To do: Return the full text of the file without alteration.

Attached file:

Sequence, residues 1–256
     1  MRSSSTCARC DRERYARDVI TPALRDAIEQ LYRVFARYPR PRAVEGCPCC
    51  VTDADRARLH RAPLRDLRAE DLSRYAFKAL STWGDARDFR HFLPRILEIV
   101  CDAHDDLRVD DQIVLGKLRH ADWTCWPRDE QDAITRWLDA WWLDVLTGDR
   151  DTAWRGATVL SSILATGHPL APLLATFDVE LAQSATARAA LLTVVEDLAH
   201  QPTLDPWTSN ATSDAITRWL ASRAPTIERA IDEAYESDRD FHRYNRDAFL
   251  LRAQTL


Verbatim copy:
Sequence, residues 1–256
     1  MRSSSTCARC DRERYARDVI TPALRDAIEQ LYRVFARYPR PRAVEGCPCC
    51  VTDADRARLH RAPLRDLRAE DLSRYAFKAL STWGDARDFR HFLPRILEIV
   101  CDAHDDLRVD DQIVLGKLRH ADWTCWPRDE QDAITRWLDA WWLDVLTGDR
   151  DTAWRGATVL SSILATGHPL APLLATFDVE LAQSATARAA LLTVVEDLAH
   201  QPTLDPWTSN ATSDAITRWL ASRAPTIERA IDEAYESDRD FHRYNRDAFL
   251  LRAQTL